As smartphones continue to become an integral part of modern life, open-source mobile operating system software is growing in popularity as an alternative to commercially developed programs. Generally, because open-source software code is reviewed by peers working together on a project, this kind of collaboration generally results in a more bug-free experience for the end user.
Some examples of smartphones operating on open-source mobile operating systems include the Samsung Z running on Tizen, or the Neo900 model, which is designed to be "hacked" by a user with an OS of their choosing like Marmo, Ubuntu, Firefox or something entirely of their own creation.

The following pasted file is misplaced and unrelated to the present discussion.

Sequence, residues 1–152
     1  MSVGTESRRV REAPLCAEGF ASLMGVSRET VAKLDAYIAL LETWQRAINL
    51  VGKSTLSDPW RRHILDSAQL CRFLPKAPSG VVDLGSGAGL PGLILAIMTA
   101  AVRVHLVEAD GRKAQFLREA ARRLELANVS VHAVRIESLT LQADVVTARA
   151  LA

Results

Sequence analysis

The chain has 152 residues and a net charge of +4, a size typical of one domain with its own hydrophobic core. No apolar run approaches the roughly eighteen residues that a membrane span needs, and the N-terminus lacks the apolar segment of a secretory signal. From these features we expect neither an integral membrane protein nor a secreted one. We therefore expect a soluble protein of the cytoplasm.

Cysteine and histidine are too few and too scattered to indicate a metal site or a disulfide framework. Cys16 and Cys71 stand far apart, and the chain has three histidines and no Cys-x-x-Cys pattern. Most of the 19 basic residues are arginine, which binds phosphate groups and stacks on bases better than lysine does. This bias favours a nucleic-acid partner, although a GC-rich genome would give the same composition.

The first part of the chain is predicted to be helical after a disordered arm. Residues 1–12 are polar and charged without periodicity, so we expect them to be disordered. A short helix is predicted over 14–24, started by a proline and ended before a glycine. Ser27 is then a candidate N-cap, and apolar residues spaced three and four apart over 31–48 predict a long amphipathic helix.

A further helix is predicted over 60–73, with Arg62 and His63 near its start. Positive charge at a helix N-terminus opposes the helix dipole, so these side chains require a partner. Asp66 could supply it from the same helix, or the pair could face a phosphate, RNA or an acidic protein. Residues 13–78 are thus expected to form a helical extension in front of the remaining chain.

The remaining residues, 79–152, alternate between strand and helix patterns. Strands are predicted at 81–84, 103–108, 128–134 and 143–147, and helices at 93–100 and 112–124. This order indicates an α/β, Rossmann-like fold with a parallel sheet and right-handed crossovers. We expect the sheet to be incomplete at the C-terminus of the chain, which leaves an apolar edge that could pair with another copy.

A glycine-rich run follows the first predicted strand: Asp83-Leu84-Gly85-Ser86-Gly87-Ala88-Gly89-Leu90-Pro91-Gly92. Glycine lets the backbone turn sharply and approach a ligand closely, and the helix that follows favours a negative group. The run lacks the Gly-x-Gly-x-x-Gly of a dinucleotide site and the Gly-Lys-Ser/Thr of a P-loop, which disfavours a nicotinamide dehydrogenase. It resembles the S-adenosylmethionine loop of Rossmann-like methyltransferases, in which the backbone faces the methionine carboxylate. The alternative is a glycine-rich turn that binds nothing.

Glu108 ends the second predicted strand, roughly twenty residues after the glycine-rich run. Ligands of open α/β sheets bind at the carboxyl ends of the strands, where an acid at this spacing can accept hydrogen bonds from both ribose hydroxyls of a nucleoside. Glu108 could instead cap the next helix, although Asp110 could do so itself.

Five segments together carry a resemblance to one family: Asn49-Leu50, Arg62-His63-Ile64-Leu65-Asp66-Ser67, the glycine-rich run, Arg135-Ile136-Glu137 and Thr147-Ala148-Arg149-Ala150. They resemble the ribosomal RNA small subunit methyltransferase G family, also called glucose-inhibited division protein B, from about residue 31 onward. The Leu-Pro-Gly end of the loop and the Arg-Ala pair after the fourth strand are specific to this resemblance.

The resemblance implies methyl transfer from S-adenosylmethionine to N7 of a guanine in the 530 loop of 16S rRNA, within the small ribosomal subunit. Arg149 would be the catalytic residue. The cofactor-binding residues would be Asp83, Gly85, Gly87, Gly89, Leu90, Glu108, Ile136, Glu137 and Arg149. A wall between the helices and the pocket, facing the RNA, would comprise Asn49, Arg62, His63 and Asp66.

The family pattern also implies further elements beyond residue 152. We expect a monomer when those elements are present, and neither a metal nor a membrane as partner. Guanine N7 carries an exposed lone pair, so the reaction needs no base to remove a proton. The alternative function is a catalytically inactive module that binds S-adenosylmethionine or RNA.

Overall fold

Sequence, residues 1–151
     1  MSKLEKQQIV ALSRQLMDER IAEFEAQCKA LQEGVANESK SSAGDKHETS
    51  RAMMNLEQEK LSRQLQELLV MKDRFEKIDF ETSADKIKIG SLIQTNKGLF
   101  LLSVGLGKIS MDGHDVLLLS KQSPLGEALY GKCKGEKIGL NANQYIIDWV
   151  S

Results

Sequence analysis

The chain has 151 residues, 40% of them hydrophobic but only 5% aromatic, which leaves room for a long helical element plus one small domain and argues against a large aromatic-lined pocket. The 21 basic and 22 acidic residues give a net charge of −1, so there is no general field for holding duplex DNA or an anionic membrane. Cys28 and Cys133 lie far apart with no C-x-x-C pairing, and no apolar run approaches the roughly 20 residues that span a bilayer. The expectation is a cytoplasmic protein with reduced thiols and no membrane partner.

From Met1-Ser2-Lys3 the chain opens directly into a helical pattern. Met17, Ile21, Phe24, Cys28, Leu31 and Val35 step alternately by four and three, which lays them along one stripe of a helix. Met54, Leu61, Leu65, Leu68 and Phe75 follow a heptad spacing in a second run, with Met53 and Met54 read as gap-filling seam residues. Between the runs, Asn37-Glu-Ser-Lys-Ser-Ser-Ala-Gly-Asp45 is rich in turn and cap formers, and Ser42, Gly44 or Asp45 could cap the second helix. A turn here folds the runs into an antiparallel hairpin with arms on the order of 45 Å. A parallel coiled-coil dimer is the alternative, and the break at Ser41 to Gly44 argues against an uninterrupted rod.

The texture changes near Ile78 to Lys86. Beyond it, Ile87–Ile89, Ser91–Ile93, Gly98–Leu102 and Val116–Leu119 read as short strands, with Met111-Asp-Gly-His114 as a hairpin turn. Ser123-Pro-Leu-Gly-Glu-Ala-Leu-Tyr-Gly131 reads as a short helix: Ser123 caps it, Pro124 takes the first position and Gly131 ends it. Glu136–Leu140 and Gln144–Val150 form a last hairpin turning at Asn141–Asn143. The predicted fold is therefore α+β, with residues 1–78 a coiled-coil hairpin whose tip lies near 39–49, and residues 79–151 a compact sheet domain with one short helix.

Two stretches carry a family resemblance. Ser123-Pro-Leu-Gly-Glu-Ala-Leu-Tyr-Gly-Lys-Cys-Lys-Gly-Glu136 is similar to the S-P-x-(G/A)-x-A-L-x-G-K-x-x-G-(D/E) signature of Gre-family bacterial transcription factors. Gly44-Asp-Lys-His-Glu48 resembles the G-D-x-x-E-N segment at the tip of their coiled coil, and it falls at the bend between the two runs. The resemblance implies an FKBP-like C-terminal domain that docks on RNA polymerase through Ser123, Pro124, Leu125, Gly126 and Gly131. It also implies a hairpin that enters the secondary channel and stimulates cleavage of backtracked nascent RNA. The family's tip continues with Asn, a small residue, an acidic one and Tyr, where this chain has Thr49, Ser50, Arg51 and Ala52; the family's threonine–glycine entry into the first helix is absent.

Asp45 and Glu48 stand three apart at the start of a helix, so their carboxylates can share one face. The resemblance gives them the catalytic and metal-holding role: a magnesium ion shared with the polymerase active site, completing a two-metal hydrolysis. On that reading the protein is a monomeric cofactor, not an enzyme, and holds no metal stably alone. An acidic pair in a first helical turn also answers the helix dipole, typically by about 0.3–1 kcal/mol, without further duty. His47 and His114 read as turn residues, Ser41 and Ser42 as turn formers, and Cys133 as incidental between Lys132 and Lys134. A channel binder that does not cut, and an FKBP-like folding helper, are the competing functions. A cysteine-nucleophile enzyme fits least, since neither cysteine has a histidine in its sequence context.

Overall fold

Earlier this year, Apple released ResearchKit, an open-source framework that invites researchers and developers to create apps that could aid in medical research. Beyond the health industry, open-source software could be applied to an infinite number of applications.
Now that some open-source programs are being designed to be extremely user-friendly for those who aren't extremely computer literate, this means that there's a huge amount of money that can be saved by both businesses and consumers.
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